Case I. A vortex convected close to a noslip wall induces a viscous response from the boundary layer. The boundary layer may organise itself into secondary vortex structures which may erupt from the wall. We study this phenomenon in two dimensions and show that the eruption process can be described as a sequence of four possible bifurcations of vortices defined by the Qcriterion. Furthermore, we show that most of these bifurcation events appear to be very robust to variations in the Reynolds number.
Case II. When several vortices are present in a flow at the same time, they will naturally interact with each other. We study the simplest possible case where two vortices interact in a two dimensional flow. By applying the Qcriterion, we show that two corotating vortices merge only if their relative strength ratio is below a certain threshold. Furthermore, we show that this threshold can be identified as a bifurcation phenomenon itself. Finally, we show that for sufficiently small Reynolds numbers, the socalled core growth model can be used instead of Navierstokes simulations as a simple, analytically tractable model with low dimension.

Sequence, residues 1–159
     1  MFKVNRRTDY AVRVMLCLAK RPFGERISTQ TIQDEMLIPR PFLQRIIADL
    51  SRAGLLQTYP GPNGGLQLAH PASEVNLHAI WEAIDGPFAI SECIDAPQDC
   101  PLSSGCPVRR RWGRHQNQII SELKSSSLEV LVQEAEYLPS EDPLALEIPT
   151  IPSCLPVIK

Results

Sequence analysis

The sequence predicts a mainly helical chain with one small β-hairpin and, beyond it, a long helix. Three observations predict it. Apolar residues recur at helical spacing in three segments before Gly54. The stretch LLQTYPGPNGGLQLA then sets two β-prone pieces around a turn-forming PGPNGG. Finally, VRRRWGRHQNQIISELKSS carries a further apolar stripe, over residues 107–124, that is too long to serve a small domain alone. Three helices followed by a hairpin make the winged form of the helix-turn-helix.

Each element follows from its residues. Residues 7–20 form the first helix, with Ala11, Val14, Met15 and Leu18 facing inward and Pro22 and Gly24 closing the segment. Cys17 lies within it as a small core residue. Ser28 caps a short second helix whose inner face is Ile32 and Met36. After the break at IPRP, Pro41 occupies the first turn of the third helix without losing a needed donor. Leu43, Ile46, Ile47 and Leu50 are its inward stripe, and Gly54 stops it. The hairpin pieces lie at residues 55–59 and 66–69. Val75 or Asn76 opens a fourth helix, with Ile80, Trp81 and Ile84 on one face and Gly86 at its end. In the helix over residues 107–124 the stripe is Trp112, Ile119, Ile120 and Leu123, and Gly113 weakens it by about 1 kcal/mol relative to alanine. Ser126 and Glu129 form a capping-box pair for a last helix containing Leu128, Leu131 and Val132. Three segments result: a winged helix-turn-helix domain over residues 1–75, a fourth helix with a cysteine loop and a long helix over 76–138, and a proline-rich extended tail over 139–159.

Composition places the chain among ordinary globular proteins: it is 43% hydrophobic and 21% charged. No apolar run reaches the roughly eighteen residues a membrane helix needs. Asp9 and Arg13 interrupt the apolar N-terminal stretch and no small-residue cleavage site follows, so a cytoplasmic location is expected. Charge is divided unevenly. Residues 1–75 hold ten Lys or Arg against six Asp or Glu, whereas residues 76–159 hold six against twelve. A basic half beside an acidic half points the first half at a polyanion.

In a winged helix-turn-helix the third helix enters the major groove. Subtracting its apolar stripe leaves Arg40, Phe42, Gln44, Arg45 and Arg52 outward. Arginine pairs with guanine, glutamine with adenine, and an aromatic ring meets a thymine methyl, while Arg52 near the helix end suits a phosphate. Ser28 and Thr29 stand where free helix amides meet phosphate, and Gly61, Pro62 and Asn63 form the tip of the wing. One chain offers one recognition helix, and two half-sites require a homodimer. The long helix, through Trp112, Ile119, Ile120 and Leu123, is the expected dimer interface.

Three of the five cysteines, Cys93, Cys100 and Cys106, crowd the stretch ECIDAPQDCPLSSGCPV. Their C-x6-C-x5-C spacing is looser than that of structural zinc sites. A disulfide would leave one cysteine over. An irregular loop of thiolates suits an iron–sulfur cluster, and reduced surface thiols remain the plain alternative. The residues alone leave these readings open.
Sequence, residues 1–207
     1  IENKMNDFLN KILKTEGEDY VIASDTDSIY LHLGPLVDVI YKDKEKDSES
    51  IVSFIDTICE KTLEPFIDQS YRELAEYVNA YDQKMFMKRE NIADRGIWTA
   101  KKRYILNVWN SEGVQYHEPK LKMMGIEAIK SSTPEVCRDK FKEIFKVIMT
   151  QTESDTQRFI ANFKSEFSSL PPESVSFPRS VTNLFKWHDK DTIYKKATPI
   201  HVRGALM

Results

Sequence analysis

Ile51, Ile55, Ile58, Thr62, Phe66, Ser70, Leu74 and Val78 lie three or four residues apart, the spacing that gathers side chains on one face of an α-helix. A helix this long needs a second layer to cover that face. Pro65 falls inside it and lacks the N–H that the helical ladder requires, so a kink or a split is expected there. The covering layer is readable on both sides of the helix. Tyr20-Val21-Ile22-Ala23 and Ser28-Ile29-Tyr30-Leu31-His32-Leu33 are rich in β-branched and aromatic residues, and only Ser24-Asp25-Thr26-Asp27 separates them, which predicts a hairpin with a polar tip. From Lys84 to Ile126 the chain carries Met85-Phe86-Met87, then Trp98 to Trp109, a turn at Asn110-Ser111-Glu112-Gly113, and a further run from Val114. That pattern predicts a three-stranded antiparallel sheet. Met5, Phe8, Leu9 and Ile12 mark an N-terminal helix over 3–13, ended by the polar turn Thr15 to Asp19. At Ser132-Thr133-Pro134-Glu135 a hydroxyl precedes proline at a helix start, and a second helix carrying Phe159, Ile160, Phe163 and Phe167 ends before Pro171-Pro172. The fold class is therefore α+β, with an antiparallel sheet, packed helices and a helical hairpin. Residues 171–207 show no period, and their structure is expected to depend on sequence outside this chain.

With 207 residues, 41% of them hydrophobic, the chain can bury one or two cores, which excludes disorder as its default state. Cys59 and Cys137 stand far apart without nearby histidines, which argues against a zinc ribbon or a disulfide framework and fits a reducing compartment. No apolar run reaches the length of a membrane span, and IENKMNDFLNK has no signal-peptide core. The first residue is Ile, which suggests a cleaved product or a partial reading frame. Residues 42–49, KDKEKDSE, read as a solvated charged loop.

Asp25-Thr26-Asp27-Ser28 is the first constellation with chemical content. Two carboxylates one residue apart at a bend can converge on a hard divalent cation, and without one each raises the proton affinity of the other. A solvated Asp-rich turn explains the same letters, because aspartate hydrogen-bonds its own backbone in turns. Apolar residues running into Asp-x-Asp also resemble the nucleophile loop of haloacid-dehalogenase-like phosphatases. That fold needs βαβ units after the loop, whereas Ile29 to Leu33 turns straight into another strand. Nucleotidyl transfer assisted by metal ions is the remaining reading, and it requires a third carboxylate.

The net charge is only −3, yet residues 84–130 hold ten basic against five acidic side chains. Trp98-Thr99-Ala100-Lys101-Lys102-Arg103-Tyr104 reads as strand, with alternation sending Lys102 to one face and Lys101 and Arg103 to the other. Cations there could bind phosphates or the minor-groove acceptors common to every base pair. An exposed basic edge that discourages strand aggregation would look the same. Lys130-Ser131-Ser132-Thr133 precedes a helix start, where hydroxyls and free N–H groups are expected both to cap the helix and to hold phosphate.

Case III. At a sufficiently high Reynolds number, the flow around a stationary cylinder results in the formation of the famous von Kármán vortex street.
When the cylinder starts oscillating transverse to the flow direction, the vortex shedding pattern becomes significantly more complex. When the amplitude increases the pattern changes from two single vortices (2S mode) to a pair and a single vortex (P+S mode) being shed per oscillation cycle. In a two dimensional flow, we study the topological changes of the wake pattern when vortices are defined as extremal points of the vorticity field. We identify four values of the amplitude that define critical stages in the transition from 2S to P+S wake mode.